So in the United States, thanks to the good work that the EPA has done, we have strong standards in place to prevent the levels of PM 2.5 in the air that we breathe from rising to unhealthy levels. And we also make it possible for people to keep on top of the PM 2.5 in their own communities. Fifteen years ago – when I mean on top of it, they get to know what’s happening, what are the levels. But 15 years ago, the EPA created a web-based platform called AirNow to give our citizens information in real time about the quality of the air that they’re breathing, and they can make an informed decision about whether it’s a good day to go for a run or whether they want to go outdoors at all or send their kids to a park to play.
This is an enormously helpful tool. It’s an empowering tool for parents, for individuals. And of course, it is particularly powerful if you live in the United States. But we have tens of thousands of U.S. Government workers who are employed in some 150 posts around the world. And in many of the cities where those posts are located, believe me, it can get hard to have regular access to reliable PM 2.5 data.
And so this is part of what led us to begin conducting air quality monitoring at our Embassy in Beijing, China a few years ago. It wasn’t easy. Our hosts didn’t like it particularly, but we did it. And because of the success of that program, we are today formalizing a shared EPA-Department of State effort to expand EPA’s AirNow system to diplomatic posts around the world.
In the coming months, AirNow will begin to operate in India. And shortly after that, it will expand to Vietnam, to Mongolia, and other countries. And as it expands to more and more posts around the world in different countries, this effort is going to provide Foreign Service officers, military men and women, and U.S. citizens living or just visiting abroad with better information about the air that they are breathing, so that they can make healthier choices and hopefully mitigate some of the harmful impacts that I mentioned.
There’s another goal here as well, and it’s important. We’re hoping that this tool can also expand international cooperation when it comes to curbing air pollution. Remember, the pollution that goes up in one country, even if it’s halfway around the world, comes to us at some point in time. And in many ways, it falls to the Earth or to the water in the form of acidified rain or other qualities that are damaging and dangerous to our agriculture and our aquatic systems.
Over the years, experts in the United States have developed a lot of experience in monitoring and improving air quality. We’ve cut air pollution by nearly 70 percent since the Clean Air Act was passed in the 1970s, early ’70s. And we want to share what we have learned with other countries in the world. As part of this new agreement, we’re creating a fellowship program that will send U.S. experts to our diplomatic missions abroad in order to train personnel, transfer skills, and build capacity for air quality monitoring, not only among embassy staff, but also through training and exchanges with interested host governments.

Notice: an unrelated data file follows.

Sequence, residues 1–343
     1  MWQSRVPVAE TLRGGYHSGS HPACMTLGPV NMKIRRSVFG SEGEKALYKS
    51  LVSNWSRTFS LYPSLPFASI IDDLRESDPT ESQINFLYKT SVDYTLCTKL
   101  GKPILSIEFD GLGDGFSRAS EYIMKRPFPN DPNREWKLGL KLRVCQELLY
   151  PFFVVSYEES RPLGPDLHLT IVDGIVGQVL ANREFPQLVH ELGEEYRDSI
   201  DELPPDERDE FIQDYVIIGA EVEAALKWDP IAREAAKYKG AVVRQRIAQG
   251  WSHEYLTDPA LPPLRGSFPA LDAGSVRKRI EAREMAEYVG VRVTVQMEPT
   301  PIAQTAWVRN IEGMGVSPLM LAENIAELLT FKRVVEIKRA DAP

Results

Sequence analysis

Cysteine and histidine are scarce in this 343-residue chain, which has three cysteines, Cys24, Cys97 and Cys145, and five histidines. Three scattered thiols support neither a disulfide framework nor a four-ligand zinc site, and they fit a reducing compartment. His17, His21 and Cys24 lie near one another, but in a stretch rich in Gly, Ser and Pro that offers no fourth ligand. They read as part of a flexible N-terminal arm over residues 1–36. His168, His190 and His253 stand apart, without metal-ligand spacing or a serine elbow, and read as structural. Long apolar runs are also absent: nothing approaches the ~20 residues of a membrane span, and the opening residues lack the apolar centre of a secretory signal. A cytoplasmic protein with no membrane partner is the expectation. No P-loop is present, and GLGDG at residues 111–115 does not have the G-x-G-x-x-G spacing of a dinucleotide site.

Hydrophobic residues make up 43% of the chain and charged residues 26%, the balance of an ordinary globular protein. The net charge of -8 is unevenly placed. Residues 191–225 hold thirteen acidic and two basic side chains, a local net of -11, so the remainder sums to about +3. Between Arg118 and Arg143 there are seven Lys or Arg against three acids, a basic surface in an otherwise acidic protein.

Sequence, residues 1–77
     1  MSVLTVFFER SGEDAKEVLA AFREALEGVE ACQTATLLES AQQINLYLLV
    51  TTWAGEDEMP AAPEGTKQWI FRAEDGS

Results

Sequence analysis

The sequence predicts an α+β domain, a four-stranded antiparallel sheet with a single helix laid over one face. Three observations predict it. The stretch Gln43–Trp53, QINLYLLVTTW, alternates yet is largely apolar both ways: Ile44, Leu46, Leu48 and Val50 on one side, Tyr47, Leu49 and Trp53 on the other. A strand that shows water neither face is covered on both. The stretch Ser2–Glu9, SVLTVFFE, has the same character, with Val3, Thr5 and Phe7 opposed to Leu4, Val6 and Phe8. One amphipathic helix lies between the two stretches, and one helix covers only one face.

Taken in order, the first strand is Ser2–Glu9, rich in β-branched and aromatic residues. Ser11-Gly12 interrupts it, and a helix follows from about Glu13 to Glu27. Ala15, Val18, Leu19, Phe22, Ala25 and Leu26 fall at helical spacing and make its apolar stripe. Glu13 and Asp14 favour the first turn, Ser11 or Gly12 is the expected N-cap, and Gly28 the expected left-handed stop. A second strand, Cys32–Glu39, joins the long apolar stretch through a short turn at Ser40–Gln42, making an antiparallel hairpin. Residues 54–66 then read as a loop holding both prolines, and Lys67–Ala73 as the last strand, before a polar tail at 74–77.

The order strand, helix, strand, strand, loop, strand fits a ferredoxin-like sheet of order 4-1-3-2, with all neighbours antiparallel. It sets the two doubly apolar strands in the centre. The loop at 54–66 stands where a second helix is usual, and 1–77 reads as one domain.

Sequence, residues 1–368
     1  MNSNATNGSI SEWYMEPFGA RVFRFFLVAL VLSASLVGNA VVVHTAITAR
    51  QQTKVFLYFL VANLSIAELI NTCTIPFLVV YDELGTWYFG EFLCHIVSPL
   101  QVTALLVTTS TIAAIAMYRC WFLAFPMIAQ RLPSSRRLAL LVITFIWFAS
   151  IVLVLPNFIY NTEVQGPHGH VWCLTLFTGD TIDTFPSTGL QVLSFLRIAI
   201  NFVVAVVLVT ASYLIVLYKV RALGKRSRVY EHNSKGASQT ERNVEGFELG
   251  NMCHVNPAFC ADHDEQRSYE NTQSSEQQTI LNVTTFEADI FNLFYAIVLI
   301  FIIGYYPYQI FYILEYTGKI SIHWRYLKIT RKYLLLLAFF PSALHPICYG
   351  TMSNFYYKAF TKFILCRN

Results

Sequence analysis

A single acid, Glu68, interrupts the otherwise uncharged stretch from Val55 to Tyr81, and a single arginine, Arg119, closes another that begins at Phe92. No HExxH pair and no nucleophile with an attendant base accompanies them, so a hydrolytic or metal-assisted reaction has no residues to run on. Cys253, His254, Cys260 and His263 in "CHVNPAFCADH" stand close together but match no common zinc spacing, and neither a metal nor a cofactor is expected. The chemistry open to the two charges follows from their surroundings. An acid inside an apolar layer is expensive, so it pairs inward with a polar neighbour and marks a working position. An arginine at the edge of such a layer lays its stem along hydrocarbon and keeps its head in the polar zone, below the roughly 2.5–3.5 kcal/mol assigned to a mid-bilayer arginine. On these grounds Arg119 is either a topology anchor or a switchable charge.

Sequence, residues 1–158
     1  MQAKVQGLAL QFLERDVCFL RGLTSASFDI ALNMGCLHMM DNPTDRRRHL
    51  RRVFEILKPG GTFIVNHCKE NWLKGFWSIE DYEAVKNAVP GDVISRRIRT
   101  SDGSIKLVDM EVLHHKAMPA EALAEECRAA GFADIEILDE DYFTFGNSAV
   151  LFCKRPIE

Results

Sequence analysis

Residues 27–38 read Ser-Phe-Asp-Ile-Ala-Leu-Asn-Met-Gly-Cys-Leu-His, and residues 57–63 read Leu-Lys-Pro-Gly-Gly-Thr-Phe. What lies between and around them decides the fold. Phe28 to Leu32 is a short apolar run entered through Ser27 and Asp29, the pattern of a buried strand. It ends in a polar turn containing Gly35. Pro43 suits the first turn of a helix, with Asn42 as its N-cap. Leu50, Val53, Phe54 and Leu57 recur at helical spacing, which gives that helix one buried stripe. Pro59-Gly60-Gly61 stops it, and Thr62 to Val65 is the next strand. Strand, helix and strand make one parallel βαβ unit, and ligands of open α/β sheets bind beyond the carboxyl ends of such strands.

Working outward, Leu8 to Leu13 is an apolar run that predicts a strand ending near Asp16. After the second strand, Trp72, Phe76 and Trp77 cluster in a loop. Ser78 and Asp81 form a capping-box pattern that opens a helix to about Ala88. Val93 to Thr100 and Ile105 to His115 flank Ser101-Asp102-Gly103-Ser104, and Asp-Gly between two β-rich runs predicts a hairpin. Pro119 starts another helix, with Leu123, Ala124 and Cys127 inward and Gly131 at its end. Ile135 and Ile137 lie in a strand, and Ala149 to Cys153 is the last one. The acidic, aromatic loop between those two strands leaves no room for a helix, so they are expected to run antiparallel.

My friends, from the earliest days of the U.S. environmental movement, at least the rekindled environment movement that began really, can be demarked with Rachel Carson’s Silent Spring in the 1960s – from the earliest days of that, we have learned that when people get to know more about the environment around them, when they understand how the quality of the environment affects the health of their families, they want to do something about it; they want to improve it.
I remember personally participating in the very first Earth Day back in 1970, and helping to go to schools and do teach-ins and explain to people what was happening in Massachusetts. And at the time, you could barely see across the street. You had incredible smog and air pollution effect in cities, in Los Angeles. You actually had a river in Ohio that is famous, the Cuyahoga, for lighting on fire. And it became a symbol to all of us of the danger to our environment. But those of you who are old enough to remember that time are aware that what happened with Earth Day was the beginning of a wave of grassroots activism that actually led to the creation of the EPA. We didn’t have an EPA until people came out and responded to this felt need. And with it came a wave of legislation: the Clean Air Act, Clean Water Act, the Safe Drinking Water Act, the Marine Mammal Protection Act, the Coastal Zone Management Act. All of these things happened because of this effort that came with the knowledge of what was happening to people because of what was happening in the atmosphere. It led to healthier communities, and not just in a few cities, but all across America.